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Why Morals Should Matter to Conservatives

Posted: Tuesday, June 8th, 2010

It's always surprising to me when I hear people calling themselves "conservatives" or tea party members, but they say only care about "economic issues, " not "social issues."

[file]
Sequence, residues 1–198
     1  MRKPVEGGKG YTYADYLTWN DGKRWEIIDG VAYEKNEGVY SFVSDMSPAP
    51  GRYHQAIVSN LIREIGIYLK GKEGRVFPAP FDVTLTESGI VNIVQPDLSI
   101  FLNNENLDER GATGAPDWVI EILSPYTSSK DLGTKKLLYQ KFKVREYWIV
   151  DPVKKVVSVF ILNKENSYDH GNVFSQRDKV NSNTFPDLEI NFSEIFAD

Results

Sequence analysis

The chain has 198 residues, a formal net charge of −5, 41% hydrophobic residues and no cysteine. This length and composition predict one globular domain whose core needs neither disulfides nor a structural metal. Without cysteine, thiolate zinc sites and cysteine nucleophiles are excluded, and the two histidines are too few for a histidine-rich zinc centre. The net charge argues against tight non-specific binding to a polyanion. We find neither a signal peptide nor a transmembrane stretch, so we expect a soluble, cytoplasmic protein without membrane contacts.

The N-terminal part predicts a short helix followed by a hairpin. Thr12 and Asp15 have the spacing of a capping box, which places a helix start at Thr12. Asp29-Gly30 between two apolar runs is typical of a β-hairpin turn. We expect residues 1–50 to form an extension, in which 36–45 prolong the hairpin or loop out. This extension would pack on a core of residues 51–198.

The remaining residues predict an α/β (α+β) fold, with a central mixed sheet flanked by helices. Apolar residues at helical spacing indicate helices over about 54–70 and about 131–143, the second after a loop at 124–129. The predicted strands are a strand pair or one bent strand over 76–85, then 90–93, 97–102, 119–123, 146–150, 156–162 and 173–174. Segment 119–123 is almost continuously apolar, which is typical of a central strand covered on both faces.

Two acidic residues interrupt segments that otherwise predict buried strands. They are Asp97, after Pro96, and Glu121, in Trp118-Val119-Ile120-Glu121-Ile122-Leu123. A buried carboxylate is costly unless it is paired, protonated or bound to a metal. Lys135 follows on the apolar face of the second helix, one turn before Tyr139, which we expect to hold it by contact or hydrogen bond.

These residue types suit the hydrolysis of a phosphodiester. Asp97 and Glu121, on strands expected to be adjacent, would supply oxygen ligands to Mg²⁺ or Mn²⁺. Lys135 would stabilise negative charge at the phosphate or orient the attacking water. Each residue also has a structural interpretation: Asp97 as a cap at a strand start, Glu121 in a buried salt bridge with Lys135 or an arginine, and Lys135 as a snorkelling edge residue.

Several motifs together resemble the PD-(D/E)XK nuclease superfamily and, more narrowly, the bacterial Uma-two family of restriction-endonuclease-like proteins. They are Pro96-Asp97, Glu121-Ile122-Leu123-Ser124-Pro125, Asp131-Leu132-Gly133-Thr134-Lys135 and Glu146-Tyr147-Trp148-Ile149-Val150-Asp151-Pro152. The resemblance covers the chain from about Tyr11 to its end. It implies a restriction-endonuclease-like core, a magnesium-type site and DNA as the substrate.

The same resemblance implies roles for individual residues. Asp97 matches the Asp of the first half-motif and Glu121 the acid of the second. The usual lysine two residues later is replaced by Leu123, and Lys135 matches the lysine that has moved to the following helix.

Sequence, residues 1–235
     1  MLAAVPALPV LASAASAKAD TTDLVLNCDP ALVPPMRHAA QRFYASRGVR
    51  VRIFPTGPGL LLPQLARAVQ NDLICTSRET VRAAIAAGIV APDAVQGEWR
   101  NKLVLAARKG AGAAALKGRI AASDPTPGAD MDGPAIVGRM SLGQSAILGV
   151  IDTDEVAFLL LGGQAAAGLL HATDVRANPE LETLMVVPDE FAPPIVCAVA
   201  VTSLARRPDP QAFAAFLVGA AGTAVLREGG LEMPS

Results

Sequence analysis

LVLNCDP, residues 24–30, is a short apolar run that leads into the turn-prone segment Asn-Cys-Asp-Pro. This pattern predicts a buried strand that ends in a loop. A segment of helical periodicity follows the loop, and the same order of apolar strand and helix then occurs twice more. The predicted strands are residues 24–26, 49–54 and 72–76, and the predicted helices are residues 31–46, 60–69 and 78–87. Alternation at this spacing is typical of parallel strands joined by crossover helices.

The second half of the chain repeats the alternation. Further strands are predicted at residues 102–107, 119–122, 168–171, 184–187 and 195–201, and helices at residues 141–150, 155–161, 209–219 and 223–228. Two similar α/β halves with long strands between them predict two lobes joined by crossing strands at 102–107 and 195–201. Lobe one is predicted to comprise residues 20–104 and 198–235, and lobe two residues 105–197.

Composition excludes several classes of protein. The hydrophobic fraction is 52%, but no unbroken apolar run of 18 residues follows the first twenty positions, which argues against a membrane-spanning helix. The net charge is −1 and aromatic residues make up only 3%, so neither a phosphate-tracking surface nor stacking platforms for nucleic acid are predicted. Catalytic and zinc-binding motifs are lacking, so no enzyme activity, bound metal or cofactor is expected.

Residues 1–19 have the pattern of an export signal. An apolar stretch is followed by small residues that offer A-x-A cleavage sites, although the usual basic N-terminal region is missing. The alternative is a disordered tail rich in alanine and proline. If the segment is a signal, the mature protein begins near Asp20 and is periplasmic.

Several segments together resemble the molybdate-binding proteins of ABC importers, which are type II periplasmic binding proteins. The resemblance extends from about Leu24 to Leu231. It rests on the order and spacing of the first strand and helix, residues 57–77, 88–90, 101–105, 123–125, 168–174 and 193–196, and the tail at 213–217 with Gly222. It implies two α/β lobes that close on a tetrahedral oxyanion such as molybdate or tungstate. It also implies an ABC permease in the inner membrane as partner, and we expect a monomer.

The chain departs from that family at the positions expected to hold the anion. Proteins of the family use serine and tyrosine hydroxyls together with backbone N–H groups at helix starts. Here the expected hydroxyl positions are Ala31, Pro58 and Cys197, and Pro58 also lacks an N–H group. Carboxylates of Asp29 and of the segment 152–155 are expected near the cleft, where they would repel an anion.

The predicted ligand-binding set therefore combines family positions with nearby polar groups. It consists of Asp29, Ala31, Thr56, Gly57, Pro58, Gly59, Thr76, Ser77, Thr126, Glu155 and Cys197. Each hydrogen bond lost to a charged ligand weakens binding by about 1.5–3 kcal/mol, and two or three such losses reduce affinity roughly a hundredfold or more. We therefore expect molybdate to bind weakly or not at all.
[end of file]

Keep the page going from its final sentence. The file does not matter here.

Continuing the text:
First of all, as I've explained before, all political issues are "social issues" because they are about people. I suspect what these folks really mean is that they are not concerned about "moral issues." But once again, all political issues, whether you're talking about taxes or welfare or socialized medicine, are "moral issues" - because there is always a right way of doing things and a wrong way of doing things. Morality is about right and wrong. Aren't those of us opposed to socialized medicine or confiscatory tax policy against those things because they are immoral? A better label for these so-called "economic conservatives" would be "materialists" - in that their concerns are limited to the material world. However, the real irony is that what we think of as mere "social issues" - like abortion and same-sex marriage - have very real consequences, even on our economy. The Founding Fathers recognized that the spiritual and moral condition of a country has a direct bearing on its ability to be a prosperous and selfgoverning nation. We need to understand that as well today. But let's get even more specific with a look at the mother of all "social issues" - abortion. Largely because of the impact of Roe v. Wade over the last 37 years and into the future, we as a nation are about to see the ugly economic ramifications of wholesale population manipulation. The baby boomer generation is giving way to the baby busters generation. With that transition - which is taking place now but will begin to escalate in another year or two - comes the end of the good economic times we have generally experienced for 30 years. It's over. While consumer spending has been driven by some 76 million baby boomers hitting their prime producing years, it will now have to be carried by 41 million born between 1964 and 1977. It's all downhill from here until around 2023 when the baby boomers' kids come of age. But there's more than consumer spending at stake. We've all heard about the looming crisis of Social Security and Medicare insolvency. What do you think is causing that? Same phenomenon. If you don't take this seriously, it's about time you should. Right now, the national debt is past $12 trillion - that's $177, 575 for every man, woman and child in America. But when you project ahead to include the future liabilities Social Security and Medicare, you're talking about $88 trillion, more than $347, 564 per person.

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